stuff but a good pot could add up to a sizable mid
haul. I took to watching the noon action. One day,
with lots of winking and elbowing, I was asked if
I wanted to play. Apparently “the kid” was
about to get educated. Also apparently, none of these
had grown up on air force bases in the middle of
fighting a world war. I walked away with a few dollars
that lunch time and I was TOLD to “bring
them back tomorrow.” So... I did. I proceeded
to clean their clock for several weeks in a row.
true to their command, I returned every lunch time
with all their money in a cigar box (converted to
paper as it soon would not hold the change). What
they did not know was I had been watching them for
time. They also did not know I could count cards
and I could pull cards out of the deck, place them
and determine the deal. I cheated. They played a
very simple form of Blackjack with dealer “takes
all” (ties). Once I had the deck and could
the game was rigged. I placed the face cards at the
bottom and when the deck was cut (they always cut
it in the middle) then all the face cards and aces
were on top. The dealer (in this case) me was always
“lucky.” It all exploded one day when
the five and ten dollar bills came out. There was
more money on that table
than I earned in a couple of weeks and it took a
good portion of my cigar box to cover the action.
The challenge was on. I shuffled very carefully.
They wanted the deck to be cut twice but I had anticipated
this. As the cards went
faces as two face cards came up for some and even
a couple of Blackjacks. I looked them right in the
never at my cards, as I turned over my own Blackjack.
I was banned from the game forever and bought myself
a couple of very expensive Frank Lloyd Wright
books with the
loot. How their money was spent seemed to make them
madder than how they had lost it. Never a fan of
ethical relativism, this was the first and only time
I ever cheated in business.
thing to do. Since they were all accusing me of cheating
and trying to figure out how I was doing it, I considered
it a game of skill - of sorts. Was it not common
knowledge, even in the dark ages of the 50s, how
you distracted attention? They could not see what
was going on right in front of their eyes! Poetic.
Chief Draftsman was a big bury guy with a handel
bar mustache, vest and rolled up sleeves with arm
garters. He looked
like he was out of the last Century - a caricature
of the times when drafting rooms were rowdy places.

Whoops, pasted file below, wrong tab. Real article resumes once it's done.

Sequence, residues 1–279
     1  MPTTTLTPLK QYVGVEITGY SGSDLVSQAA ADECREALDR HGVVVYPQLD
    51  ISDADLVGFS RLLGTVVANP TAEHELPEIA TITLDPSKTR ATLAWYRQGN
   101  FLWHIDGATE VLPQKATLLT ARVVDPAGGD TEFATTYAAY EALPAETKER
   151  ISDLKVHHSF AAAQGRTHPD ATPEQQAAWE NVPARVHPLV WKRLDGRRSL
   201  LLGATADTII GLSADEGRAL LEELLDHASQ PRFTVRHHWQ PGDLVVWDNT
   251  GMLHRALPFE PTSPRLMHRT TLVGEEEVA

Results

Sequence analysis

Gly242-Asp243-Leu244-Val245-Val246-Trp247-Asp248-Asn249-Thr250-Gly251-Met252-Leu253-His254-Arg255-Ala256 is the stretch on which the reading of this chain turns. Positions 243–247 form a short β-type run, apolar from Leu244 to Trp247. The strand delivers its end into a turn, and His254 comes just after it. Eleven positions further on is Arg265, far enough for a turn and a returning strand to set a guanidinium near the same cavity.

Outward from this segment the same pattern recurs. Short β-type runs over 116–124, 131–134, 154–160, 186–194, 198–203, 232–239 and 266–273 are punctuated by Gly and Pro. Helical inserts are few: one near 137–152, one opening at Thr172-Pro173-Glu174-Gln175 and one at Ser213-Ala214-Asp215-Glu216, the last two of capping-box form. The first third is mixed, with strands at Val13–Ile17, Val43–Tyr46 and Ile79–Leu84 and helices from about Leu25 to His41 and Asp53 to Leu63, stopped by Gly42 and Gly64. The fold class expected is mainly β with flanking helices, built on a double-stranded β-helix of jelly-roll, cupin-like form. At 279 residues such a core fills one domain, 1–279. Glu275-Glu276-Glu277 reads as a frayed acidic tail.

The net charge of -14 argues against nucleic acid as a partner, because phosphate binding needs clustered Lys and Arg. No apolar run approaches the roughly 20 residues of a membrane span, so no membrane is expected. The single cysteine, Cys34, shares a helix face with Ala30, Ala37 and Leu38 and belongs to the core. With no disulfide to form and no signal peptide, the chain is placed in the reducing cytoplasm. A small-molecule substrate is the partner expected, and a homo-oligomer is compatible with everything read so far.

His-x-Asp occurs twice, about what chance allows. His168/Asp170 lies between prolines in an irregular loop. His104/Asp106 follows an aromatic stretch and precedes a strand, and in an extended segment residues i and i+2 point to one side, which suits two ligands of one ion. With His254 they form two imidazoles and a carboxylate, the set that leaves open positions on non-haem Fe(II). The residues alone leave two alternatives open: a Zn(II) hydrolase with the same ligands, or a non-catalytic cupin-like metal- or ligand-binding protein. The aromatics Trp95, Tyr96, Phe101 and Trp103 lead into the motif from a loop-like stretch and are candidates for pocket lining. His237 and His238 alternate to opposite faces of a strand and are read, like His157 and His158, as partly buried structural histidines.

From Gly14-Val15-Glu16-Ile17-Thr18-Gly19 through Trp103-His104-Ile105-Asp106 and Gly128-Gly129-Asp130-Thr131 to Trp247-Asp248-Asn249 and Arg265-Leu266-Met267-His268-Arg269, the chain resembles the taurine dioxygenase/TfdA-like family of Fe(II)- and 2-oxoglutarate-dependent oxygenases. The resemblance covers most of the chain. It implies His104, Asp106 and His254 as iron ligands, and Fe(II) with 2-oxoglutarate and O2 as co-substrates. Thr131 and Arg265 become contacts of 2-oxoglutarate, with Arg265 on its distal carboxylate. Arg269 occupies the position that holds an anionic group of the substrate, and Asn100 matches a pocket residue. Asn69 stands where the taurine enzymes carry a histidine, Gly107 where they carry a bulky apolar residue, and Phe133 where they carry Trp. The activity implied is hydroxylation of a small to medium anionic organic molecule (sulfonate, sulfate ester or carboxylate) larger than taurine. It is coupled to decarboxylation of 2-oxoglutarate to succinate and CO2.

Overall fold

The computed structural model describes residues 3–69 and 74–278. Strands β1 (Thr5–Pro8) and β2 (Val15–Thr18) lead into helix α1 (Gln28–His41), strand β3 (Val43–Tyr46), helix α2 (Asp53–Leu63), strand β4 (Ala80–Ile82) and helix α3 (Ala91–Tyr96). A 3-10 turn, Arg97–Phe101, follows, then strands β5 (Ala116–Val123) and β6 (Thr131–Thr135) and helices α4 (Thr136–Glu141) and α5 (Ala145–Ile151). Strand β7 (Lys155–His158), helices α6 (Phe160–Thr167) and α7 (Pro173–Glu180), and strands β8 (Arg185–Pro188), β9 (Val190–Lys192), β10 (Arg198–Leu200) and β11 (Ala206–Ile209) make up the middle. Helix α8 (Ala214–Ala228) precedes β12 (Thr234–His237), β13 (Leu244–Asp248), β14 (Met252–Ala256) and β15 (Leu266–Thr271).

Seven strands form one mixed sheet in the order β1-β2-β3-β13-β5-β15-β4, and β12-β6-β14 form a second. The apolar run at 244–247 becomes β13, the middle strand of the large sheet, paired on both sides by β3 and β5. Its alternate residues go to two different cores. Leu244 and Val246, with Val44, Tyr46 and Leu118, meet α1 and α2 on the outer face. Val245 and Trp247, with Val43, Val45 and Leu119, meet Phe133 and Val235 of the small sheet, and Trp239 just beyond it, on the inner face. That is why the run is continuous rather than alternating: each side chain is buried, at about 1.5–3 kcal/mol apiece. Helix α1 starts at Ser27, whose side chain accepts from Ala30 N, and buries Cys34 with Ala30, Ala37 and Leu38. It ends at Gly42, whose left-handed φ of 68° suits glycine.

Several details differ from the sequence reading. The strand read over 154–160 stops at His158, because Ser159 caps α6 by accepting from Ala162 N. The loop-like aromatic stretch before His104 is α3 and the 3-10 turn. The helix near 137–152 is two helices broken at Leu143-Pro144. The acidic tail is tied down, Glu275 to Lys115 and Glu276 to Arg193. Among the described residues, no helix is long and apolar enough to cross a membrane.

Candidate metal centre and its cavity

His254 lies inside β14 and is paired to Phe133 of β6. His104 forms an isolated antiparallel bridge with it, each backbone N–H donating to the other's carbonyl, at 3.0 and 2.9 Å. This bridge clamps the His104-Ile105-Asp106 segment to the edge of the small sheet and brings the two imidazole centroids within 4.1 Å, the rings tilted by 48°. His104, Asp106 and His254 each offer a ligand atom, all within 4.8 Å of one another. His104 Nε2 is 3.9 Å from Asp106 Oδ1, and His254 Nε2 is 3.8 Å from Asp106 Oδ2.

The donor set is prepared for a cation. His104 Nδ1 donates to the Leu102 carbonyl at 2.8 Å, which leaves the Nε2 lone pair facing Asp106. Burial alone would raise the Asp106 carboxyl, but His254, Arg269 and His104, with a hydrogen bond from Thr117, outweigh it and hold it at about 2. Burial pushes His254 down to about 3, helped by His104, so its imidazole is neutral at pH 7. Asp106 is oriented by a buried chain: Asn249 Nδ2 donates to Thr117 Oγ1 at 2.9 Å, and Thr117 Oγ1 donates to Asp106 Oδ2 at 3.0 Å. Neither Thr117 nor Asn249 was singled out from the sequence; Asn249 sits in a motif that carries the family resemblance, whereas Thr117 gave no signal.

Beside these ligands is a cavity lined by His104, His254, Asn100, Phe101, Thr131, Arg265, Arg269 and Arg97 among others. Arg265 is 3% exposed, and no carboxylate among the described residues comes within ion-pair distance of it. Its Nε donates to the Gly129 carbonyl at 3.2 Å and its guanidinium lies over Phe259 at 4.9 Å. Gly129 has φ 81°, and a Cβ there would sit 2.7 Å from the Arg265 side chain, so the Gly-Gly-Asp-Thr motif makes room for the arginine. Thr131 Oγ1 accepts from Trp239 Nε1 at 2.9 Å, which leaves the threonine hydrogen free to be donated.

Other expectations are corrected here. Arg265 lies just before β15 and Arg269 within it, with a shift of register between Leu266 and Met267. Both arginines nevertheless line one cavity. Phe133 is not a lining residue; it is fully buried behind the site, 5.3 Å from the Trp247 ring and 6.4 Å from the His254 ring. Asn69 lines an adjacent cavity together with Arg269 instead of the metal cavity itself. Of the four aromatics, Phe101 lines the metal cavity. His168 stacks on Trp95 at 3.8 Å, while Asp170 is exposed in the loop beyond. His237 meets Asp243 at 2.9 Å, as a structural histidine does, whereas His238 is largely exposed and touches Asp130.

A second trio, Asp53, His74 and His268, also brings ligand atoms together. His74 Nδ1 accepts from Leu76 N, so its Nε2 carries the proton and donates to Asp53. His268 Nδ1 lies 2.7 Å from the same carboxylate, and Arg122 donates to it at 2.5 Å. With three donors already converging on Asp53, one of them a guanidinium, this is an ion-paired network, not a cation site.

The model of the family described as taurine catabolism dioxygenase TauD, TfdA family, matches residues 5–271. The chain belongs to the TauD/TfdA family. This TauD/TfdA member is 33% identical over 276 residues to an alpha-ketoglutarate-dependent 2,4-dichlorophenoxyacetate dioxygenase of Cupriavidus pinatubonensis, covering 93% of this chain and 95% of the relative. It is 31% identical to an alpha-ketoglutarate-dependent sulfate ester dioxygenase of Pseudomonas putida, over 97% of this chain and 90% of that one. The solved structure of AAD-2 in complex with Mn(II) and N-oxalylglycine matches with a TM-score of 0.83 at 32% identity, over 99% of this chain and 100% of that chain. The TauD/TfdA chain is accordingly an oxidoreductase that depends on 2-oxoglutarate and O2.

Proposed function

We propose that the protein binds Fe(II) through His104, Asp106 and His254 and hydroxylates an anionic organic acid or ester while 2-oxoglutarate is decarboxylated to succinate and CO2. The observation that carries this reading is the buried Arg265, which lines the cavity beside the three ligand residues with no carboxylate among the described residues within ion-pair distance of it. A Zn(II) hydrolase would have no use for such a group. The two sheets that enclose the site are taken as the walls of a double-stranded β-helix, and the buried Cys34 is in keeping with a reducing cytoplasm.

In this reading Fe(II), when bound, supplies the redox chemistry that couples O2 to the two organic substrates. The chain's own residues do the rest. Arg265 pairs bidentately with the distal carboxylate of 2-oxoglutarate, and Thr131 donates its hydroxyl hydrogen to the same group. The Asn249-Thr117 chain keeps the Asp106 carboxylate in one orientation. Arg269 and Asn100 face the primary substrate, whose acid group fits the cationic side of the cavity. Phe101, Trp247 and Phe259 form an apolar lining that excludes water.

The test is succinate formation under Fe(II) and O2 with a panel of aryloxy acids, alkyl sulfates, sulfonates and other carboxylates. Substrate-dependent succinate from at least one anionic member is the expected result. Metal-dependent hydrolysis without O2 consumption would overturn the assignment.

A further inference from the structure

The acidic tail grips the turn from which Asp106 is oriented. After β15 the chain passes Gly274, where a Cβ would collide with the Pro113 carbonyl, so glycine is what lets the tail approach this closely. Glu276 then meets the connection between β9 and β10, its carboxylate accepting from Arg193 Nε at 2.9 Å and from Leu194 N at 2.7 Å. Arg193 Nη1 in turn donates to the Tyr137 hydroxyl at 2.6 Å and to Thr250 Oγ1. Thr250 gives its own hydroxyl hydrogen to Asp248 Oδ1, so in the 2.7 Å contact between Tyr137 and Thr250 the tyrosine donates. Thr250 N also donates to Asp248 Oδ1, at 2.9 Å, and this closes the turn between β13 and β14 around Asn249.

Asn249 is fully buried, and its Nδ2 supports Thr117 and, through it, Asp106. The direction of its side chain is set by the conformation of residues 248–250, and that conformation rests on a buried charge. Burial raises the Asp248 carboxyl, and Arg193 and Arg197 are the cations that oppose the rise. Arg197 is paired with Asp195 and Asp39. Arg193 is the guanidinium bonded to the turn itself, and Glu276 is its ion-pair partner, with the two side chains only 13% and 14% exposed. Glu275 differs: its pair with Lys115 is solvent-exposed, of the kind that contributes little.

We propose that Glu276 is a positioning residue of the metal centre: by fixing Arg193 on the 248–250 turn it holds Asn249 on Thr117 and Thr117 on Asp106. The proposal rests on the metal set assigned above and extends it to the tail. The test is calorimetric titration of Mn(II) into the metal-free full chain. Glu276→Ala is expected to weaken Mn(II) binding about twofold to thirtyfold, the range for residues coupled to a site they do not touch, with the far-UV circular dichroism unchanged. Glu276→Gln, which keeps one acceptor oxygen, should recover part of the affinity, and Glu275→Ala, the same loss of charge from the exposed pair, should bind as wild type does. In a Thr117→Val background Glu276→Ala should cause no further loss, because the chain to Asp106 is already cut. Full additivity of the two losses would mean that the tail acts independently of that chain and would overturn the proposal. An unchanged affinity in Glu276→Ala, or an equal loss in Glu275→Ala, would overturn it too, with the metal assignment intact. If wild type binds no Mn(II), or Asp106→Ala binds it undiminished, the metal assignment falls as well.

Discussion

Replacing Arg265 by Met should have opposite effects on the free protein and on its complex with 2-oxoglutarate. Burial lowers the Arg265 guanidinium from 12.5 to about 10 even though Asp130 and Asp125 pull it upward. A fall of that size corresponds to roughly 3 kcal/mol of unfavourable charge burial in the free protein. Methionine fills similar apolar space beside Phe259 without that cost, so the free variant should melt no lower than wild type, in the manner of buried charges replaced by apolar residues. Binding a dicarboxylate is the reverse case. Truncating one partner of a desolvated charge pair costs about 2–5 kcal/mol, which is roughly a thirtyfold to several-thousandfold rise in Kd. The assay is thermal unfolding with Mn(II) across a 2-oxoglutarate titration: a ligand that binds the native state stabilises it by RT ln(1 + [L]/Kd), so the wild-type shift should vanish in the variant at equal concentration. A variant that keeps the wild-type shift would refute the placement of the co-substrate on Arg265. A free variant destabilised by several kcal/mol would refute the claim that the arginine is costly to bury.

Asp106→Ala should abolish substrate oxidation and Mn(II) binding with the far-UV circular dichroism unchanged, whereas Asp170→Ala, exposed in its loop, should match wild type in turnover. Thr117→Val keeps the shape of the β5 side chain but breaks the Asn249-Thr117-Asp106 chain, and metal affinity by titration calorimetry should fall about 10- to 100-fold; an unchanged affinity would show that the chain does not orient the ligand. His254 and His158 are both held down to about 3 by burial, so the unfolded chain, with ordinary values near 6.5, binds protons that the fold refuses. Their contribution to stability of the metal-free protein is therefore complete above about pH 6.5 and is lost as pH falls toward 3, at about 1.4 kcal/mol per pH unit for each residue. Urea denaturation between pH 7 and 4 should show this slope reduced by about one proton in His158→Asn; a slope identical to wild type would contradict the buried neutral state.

He prized himself with his physical prowess and was
extremely intimidating. He had a 75% solid 8 x 8
x 16 concrete block tied to a wood handel
which he would hold out at arms length, roll up,
touching the ground) and roll up again. I believe
his record was 15 times up and down. No one in the
office could come near his prowess. It never was
totally clear to me what the utility was but, to
it was a mark of superiority and dominance. After
his big poker defeat, he decided to take the
kid on in
of physical manhood. Since he towered over me he
felt he was safe in this realm. His problem was that
were two things he did not know. The first was that
I worked on a dude ranch [link] in
the summers and was actually in very good shape.
If you ever spent hours moving three wire hay bales
you know what I mean. The second was that will is
greater than muscle if you
of it - which I was. He bet me in front of the drafting
room a large sum of money that I could not match
his record with the concrete block. To my credit,
from the contest several times. He persisted, however,
until it was impossible to ignore the challenge.Well,
again. I had been practicing during afternoon coffee
breaks when the whole troop when out. It was years
to go before I indulged in the pleasures of this
I remained in the drafting room doing my tasks while
the others went out twice a day - this also seemed
to add to my disfavor, again to my surprise. I
thought industry was to be rewarded. I took to practicing
with the concrete block. So one day, I
took him up. Standing on a chair (so the length of
the roll up would be equal) talking all the while
on the philosophy of architecture (a subject he despised),
my arms were burning), I exceeded his record by one